Structural Balance in Real-World Social Networks: Incorporating Direction and Transitivity in Measuring Partial Balance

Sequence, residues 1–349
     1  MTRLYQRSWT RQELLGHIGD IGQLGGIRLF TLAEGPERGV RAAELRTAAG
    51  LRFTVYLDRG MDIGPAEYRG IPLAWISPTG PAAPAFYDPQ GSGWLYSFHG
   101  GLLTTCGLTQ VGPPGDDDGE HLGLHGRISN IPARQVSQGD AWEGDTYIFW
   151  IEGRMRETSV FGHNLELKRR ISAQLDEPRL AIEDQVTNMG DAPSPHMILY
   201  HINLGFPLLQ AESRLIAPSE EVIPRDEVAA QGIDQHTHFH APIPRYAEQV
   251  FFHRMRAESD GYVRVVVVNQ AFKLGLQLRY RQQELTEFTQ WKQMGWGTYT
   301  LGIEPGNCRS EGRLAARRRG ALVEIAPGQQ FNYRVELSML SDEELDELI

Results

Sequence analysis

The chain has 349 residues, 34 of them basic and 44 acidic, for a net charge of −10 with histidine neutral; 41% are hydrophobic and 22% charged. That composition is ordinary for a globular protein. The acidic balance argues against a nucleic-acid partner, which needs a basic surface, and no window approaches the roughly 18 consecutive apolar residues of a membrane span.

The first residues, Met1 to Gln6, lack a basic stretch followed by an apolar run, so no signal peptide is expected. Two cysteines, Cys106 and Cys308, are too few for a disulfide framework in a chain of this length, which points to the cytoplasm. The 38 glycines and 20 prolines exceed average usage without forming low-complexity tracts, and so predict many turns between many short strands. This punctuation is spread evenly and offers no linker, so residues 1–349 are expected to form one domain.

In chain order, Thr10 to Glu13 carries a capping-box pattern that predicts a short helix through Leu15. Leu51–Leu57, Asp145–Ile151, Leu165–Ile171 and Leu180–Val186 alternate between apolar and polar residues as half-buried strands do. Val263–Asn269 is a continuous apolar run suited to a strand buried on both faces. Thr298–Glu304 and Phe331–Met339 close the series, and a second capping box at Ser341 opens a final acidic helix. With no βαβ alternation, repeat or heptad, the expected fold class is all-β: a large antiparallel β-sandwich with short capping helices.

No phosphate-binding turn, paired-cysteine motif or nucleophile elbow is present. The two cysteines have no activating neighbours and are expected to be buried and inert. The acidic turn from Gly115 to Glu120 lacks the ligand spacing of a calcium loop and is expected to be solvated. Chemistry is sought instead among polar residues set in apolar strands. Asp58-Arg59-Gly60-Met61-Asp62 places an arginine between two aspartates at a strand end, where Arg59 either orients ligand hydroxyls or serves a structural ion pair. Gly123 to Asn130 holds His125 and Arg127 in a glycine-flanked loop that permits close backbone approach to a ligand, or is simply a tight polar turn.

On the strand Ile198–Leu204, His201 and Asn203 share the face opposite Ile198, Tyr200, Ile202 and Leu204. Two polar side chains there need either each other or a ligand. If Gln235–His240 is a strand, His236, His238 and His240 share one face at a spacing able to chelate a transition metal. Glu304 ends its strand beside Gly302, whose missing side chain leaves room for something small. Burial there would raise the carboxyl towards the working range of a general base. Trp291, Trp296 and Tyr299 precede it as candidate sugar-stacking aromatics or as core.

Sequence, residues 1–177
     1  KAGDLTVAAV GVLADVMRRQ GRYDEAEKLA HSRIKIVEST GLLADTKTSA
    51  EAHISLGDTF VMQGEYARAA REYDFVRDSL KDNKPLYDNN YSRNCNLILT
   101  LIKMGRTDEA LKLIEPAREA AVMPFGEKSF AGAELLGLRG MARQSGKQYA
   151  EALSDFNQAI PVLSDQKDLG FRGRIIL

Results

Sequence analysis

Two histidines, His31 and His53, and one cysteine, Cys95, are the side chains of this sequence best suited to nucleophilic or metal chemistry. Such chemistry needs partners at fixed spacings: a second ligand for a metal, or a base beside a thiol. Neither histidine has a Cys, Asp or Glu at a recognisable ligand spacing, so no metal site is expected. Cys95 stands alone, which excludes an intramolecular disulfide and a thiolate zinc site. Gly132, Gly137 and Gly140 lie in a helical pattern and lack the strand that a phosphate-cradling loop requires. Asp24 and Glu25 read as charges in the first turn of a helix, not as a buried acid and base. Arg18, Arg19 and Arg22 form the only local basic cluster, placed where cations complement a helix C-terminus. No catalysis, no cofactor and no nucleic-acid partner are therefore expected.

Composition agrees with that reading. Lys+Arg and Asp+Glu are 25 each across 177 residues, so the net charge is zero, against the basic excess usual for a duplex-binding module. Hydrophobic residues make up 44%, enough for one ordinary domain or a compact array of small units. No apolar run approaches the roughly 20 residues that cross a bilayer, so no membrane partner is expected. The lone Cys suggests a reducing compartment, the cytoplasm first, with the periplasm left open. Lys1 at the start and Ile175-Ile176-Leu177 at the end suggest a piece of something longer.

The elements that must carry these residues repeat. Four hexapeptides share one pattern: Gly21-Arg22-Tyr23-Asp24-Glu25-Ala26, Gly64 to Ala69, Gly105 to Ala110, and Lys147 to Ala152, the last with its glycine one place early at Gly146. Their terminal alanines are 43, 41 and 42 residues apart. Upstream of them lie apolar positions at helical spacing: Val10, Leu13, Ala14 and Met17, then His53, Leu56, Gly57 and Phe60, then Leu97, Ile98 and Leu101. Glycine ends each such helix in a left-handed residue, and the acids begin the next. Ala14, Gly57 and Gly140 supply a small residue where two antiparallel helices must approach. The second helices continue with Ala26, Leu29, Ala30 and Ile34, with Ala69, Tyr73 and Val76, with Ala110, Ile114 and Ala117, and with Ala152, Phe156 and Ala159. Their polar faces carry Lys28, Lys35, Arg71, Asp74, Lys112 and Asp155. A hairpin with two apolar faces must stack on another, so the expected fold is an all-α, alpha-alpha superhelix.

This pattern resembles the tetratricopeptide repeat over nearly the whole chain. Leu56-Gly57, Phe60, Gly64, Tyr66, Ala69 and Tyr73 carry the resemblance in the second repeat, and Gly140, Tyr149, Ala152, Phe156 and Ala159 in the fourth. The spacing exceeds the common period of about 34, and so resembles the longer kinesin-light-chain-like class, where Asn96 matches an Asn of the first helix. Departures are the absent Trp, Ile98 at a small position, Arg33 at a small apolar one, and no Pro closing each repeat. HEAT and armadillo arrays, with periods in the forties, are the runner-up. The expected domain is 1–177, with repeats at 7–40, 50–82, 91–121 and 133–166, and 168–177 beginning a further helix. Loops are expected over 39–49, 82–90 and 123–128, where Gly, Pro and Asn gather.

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Structural balance theory predicts that triads in networks gravitate towards stable configurations. The theory has been verified for undirected graphs. Since real-world networks are often directed, we introduce a novel method for considering both transitivity and sign consistency for evaluating partial balance in signed digraphs. We test our approach on graphs constructed by using different methods for identifying edge signs: natural language processing to infer signs from underlying text data, and self-reported survey data. Our results show that for various social contexts and edge sign detection methods, partial balance of these digraphs are moderately high, ranging from 61 Our approach not only enhances the theoretical framework of structural balance but also provides practical insights into the stability of social networks, enabling a deeper understanding of interpersonal and group dynamics across different communication platforms.
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